By Basil Fernando –
The basic premise of Frank de Silva’s article ‘Proposed change to criminal law – now withdrawn’ which appeared in the Island newspaper recently is summed up in the following paragraph, “The difference is also that the opponents – the HRC and the BASL going by media reports – are conscious only of rights, not of duties. The police are deeply conscious of duties; of duty to the victims of crime and to the community.”
By opponents he means those who opposed the ‘amendment’. This position is an expression of the ideology which prevailed in colonial times. It is opposed to the ideology of the police under a democratic constitution. A democratic constitution does not separate rights and duties in the manner he has done.
The most important idea in a democracy is that the state must PROTECT the rights of its citizens. This protection role can never be abdicated by anyone acting on behalf of the state. Protection means the protection of human rights and nothing else. A policeman who forgets this cardinal principle, fails to act as an agent of the state. A police man/or woman, must be deeply conscious of ‘rights’ and not just about ‘duties’; He or she is not a special agent to protect ‘victims of crimes and community’. He or she is just like any other state officer and required to act within the constitutional frame work.
It is the right of judges to decide who is guilty of commission of crime and the police should not usurp this role which belong to the judiciary. Police must look on victims of crime and the suspects as citizens.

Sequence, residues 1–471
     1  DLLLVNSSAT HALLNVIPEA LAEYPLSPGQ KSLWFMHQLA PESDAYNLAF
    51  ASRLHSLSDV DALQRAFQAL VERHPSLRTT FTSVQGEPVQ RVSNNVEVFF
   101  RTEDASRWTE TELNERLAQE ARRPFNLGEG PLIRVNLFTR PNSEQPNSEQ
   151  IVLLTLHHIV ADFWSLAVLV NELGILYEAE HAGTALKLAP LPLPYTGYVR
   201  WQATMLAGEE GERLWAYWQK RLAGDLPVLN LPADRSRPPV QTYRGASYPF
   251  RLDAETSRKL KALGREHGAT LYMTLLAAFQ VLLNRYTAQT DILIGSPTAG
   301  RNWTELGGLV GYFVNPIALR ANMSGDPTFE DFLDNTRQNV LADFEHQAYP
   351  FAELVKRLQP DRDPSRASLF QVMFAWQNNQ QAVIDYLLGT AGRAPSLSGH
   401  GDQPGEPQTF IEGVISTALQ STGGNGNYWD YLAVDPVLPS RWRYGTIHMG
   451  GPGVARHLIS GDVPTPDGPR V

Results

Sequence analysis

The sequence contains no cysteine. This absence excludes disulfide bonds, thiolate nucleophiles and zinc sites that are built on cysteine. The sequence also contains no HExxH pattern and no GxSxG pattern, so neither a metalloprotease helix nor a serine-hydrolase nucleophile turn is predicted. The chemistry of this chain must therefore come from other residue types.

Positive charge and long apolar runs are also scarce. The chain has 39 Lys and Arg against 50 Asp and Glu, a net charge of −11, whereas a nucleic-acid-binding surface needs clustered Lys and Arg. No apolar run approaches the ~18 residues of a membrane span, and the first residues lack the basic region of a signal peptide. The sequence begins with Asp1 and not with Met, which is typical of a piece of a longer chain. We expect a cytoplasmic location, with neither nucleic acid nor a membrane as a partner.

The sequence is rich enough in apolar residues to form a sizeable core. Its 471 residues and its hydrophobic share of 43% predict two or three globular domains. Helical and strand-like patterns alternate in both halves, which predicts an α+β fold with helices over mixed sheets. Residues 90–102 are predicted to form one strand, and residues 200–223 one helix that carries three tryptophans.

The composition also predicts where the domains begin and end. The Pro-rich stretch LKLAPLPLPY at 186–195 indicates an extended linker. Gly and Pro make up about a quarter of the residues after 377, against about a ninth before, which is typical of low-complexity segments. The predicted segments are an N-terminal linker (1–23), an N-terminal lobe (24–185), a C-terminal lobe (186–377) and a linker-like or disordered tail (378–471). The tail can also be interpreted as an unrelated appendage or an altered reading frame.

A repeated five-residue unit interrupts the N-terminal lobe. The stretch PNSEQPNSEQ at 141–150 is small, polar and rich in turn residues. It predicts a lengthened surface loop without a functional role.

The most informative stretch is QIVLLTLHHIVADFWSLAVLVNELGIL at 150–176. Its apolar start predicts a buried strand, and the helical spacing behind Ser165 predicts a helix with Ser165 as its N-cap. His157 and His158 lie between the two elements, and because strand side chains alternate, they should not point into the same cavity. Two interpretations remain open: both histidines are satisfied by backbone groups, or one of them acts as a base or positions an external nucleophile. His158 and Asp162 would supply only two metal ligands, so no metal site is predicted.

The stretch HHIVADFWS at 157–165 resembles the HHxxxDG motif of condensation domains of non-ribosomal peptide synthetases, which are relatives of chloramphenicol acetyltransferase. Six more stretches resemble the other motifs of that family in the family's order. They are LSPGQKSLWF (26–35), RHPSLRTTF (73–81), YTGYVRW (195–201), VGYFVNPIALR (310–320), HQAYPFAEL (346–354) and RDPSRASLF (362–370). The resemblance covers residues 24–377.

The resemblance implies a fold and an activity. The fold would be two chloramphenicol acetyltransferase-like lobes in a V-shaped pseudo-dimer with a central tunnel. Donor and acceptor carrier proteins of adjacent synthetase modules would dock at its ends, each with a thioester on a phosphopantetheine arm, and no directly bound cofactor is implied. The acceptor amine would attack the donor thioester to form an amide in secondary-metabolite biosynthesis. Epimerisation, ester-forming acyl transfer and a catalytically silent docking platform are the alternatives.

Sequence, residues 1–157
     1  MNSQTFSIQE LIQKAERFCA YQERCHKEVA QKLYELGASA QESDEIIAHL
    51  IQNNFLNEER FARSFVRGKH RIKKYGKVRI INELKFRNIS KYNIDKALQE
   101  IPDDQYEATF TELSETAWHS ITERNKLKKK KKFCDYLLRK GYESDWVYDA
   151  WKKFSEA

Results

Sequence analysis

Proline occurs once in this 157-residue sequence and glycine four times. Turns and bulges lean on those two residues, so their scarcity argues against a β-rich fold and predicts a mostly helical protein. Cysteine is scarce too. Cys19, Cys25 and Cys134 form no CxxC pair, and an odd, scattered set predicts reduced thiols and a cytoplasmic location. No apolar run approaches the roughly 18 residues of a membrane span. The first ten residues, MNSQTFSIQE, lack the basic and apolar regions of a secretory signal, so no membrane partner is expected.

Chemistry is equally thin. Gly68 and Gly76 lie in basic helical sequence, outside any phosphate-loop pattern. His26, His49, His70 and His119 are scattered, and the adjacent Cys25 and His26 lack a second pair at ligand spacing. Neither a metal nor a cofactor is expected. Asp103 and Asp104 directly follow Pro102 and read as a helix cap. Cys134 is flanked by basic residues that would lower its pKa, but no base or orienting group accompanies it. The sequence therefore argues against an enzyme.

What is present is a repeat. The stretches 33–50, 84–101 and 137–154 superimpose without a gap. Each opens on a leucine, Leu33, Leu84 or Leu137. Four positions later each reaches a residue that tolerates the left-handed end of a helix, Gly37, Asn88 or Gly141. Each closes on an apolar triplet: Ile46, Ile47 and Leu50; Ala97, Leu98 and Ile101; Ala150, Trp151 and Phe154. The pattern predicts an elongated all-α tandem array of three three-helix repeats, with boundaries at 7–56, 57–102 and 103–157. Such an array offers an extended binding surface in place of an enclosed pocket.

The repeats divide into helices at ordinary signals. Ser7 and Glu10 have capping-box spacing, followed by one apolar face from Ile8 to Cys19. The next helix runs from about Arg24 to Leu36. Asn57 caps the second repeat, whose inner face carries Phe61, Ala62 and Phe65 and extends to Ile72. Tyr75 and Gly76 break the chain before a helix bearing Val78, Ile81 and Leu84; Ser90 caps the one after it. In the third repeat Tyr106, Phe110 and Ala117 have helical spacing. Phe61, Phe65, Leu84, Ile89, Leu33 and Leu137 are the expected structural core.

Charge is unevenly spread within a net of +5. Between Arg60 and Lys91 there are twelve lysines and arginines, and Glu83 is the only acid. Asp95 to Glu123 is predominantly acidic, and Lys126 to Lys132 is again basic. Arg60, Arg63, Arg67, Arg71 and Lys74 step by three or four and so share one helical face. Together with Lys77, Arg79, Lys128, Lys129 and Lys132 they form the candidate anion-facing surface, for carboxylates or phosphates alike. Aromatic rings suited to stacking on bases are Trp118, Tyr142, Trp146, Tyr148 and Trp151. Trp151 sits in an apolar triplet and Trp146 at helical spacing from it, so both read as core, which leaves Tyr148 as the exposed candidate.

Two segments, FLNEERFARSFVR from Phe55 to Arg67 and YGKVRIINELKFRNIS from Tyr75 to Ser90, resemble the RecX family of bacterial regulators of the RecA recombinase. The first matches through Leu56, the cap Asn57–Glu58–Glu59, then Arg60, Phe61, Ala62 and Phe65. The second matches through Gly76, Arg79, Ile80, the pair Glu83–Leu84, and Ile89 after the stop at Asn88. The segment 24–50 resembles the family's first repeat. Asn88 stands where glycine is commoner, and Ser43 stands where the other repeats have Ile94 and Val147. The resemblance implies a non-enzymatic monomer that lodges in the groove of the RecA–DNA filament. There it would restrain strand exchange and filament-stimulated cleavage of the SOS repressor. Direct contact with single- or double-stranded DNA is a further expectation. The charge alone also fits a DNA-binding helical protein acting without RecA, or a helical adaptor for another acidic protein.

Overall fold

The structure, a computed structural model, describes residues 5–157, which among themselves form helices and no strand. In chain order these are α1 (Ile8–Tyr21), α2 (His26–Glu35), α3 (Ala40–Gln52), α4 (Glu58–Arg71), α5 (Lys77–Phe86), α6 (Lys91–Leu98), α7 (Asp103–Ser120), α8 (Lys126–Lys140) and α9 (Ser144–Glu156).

This is why the role of investigating police officers and the role of lawyers are complimentary and not opposed to each other. Both are empowered by the same constitution
In other words, it is not within the police officers powers to place obstacles to lawyers performing their constitutional role.
The lawyers role cannot be taken away by a mere amendment to the criminal procedure. It can be done only by changing the constitution itself.
The police officer who does not understand his or her constitutional role cannot protect the ‘community’; in fact he or she can only harm the community. Violation of rights and failing in the protection role is seriously harmful to the community.
It is this ideology of protecting ‘victims of crimes and the community’ that has led to causing of large scale enforced disappearances in Sri Lanka. It is a dangerous ideology.